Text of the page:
Why The Comparison Game Sucks in Ways we Don’t Even Realize


Sarah Spencer

We all play it. We know it's bad. But here are some even more devious ways the comparison game rips up your life and your songwriting. | SongFancy.com

Be aware of The Comparison Game.

I know for a fact that whenever you’ve written a song that you’re not particularly excited about, you start to talk yourself down. You start to say,

“I am just not a good writer. This piece proves it. Why do I even bother. There are so many other people out there who are better than I am.”

Sound familiar? This is the comparison game.

The Comparison Game is a game you play with only yourself.

The Comparison Game is the game you can never win.

The Comparison Game is not fair.

The Comparison Game pits you against everybody else that is your peer or your friend.

It is one-sided, and will immediately make you feel absolutely wholly and completely worthless.

And why would you ever want to play a game like that?

The Comparison Game is the evil green monster cousin of Perfectionism. When we let it win, it brings out the worst in us. Here are some more long term and less obvious ways that The Comparison Game will drain you of your happiness:

It stops you from writing songs.

Because you figure, why bother? You are the worst of the worst and there are so many people better than you. So you stop writing altogether because The Comparison Game makes it all feel pointless. Doesn’t that suck?

It keeps you from enjoying the happiness you where meant to enjoy.

You are a human on this planet and you are deserving of happiness. Does writing songs make you happy? Then you deserve to write songs. There’s no reason out there for you to not write songs if it makes you happy. End of story.

It’s demanding and unrealistic.

The Comparison Game is a game of extremes. When you’re constantly comparing yourself to other people, it’s never halfhearted or mild. It’s never humorous or joking. It’s always spiteful and mean-spirited. The only rule of the game is to say whatever it takes to beat you down into a smoldering pile of complete devastation.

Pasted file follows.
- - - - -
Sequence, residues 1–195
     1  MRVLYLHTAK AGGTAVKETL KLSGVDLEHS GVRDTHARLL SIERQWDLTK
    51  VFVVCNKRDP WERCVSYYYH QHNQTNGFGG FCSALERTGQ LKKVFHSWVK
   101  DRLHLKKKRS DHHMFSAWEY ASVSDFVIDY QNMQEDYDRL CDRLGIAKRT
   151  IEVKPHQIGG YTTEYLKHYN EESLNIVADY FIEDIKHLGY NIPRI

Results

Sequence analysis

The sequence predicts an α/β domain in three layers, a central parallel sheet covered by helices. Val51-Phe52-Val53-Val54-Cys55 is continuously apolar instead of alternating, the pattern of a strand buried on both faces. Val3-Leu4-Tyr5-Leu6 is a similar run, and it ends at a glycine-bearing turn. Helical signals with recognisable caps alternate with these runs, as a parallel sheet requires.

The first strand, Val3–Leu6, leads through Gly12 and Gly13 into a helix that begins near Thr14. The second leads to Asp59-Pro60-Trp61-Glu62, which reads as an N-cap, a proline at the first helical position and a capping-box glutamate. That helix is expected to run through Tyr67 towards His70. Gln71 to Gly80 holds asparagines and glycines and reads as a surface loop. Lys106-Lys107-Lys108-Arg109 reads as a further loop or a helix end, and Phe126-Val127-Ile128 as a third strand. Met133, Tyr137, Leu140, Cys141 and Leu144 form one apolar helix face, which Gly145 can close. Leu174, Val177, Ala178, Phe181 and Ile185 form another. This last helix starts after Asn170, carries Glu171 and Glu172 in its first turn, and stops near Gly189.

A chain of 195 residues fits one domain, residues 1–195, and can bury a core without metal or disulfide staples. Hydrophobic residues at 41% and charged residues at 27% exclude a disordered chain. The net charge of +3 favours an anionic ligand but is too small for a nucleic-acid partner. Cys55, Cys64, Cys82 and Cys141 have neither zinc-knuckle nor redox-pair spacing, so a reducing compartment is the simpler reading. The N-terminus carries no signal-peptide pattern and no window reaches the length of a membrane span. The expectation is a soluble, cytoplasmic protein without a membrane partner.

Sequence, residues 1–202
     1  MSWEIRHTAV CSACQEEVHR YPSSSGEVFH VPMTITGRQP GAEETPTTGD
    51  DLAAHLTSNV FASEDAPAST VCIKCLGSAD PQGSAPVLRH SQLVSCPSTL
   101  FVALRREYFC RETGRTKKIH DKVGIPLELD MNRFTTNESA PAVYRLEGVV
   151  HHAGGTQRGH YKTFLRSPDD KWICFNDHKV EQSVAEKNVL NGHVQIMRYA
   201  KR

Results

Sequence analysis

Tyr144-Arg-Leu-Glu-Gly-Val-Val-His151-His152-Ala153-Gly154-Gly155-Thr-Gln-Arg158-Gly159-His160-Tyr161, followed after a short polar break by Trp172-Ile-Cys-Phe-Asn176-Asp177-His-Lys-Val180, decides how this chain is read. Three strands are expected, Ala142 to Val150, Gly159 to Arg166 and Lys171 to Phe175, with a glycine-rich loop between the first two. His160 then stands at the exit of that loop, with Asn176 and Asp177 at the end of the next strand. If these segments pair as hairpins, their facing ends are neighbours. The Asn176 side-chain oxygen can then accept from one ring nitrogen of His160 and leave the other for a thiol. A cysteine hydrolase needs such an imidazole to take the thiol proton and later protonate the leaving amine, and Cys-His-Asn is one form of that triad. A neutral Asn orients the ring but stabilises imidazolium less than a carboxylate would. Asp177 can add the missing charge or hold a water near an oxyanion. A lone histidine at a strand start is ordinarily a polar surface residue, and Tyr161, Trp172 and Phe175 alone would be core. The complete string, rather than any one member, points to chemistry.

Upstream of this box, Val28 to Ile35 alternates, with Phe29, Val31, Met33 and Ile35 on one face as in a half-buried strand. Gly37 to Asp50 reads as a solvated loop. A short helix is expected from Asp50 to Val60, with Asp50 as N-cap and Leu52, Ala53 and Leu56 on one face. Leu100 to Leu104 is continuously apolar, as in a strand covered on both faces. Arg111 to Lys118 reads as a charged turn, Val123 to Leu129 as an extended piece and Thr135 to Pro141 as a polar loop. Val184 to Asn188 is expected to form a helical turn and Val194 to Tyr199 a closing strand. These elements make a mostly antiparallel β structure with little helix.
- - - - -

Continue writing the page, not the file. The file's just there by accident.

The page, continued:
It’s good to learn to recognize Comparison Game thought patterns right off the bat. You will save yourself a lot of heartache and prevent a lot of your songs from being dismissed before they ever have a chance to be written.

So how do you beat The Comparison Game?

There are a couple of ways you can become more aware of these nasty thoughts, and ultimately stop them in their tracks:


When those mean comparisons start showing up in your mind, pull a “ZIP IT” from Austin Powers. Remember Dr. Evil saying “Zip it!” over and over to his son? That’s what you want to think in response to your nasty inner dialog. Stop it from spiraling – Zip it!


Sometimes we just need a pep talk! Try this one on for size.


Push yourself by writing a ton of songs and not letting your worries stop you. The 5 in 5 Song Challenge is a great place for that. You can sign up for it using the form below:

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Sarah Spencer

Sarah Spencer is an award winning singer/songwriter based in Nashville, TN.

Born in the Sunshine State, Sarah Spencer writes vibrant, shining americana/pop music. She works in Nashville TN as a singer/songwriter, as well as a UX designer for a marketing firm.

Follow Sarah on Spotify to get her latest releases.

You can jump on her email list at SarahSpencer.com or purchase her debut EP, "Freshman Year" on iTunes.